Fear and the American Dream

Reconciliation is a word that keeps popping up in this moment. That we cannot truly go forward respectful of one another until a good deal of reconciliation has taken place to genuinely, empathetically, sorrowfully address the wounds of the past rising up within our own selves through our ancestors.

I am not particularly religious and have a titch of discomfort with the word God though I carry out several spiritual practices. But I always have spontaneous tears when I witness examples of people attempting to bridge some divide, even if they do not fully know what to do or say.

A story crossed my path about two churches in the South attempting this journey with some success of people understanding, some for the first time what the “other’s” experience has really been.

Divided America

Then I happened upon Martin Luther King, Jr.’s sermon, The American Dream, given 16 months before I was born.  Some of the spoken sermon departs from the transcript, but both feel resonant today. I used the term “schizophrenic” to describe what is happening in America today in my last blog post, and was surprised to see that same word used in his speech.

(I have actually had a friend who suffered from schizophrenia, so I do not think it is literally similar, just a figure of speech to describe the disjointed, disconnected, fearful states we can find ourselves).

Certain things have shifted, namely desegregation in schools since 50 years ago.* And most impressively a first African American president whose inauguration and inspiring family still give me goosebumps today. But in some ways the ideal of universal dignity for all peoples in America can seem light years away. It is still possible for people to live their entire lives in an American city without ever speaking directly to someone of another racial background or nowadays to truly engage outside a technology bubble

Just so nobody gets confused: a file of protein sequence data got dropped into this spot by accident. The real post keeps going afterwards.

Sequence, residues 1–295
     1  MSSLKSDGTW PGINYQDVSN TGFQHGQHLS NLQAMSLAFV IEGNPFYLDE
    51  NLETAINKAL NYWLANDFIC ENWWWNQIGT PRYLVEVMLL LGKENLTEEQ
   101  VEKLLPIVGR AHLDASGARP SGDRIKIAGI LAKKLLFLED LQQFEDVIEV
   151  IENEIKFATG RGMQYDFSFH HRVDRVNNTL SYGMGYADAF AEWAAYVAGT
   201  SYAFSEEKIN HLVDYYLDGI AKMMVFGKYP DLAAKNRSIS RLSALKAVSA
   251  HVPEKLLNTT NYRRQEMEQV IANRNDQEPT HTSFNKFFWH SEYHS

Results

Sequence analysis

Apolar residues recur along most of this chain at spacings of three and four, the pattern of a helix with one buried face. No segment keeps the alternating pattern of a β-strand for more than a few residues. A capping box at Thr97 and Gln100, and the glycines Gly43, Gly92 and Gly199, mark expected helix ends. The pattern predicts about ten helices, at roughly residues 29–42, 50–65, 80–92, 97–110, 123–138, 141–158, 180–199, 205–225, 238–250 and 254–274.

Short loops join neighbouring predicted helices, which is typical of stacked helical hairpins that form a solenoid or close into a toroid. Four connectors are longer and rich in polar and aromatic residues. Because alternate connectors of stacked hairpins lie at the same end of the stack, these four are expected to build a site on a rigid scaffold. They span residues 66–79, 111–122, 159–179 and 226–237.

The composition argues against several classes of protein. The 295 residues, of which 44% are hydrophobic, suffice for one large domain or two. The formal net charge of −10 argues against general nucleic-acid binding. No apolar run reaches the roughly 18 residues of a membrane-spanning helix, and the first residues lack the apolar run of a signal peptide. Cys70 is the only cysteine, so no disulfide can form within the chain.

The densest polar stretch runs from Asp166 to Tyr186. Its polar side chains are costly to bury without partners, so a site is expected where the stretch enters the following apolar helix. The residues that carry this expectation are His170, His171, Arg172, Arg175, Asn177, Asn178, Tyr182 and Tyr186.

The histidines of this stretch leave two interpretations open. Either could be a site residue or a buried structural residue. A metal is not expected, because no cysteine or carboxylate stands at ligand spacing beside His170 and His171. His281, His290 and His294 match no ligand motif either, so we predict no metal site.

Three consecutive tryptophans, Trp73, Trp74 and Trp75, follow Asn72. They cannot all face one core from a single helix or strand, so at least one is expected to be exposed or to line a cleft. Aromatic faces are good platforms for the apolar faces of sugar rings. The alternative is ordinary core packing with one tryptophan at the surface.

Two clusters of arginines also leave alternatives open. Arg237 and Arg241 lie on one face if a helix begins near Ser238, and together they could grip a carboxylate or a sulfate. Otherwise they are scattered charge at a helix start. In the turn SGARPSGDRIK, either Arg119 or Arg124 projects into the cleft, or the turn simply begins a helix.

*I just learned that schools in the US are as or more segregated than in the 1960s.

Recently, I had a discussion with someone expressing great fear over the current protests. I find myself in the camp that sympathizes with those resisting and see the vast majority of them being nonviolent, but I stayed silent in this discussion. Then it hit me like a flash: We could agree that this year has been stressful for ALL of us, regardless of “camps” or “sides.” And we could agree that both are afraid.

One group fears their security, safety and prosperity is compromised if they don’t make the choice they did. The other group fears their security, safety and prosperity will be lost if they don’t resist the choices being made.

For those living in Appalachia where incomes and access to healthcare are much lower than the rest of America, I can deeply appreciate wanting change.

For those whose ancestors endured the homegrown terrorism that is slavery, I can barely imagine, no actually I cannot imagine what the level of that trauma is. My ancestors experienced persecution inside an authoritarian dictatorship. That is the fear that I innately respond from when I recognize echoes of it.

If we all want security, safety, and prosperity but we see only threat from the other side, wouldn’t it be wonderful to practice listening to what in someone else’s experience causes them to have their fear?


About Erin W

A sensitive plant, bamboo strong.
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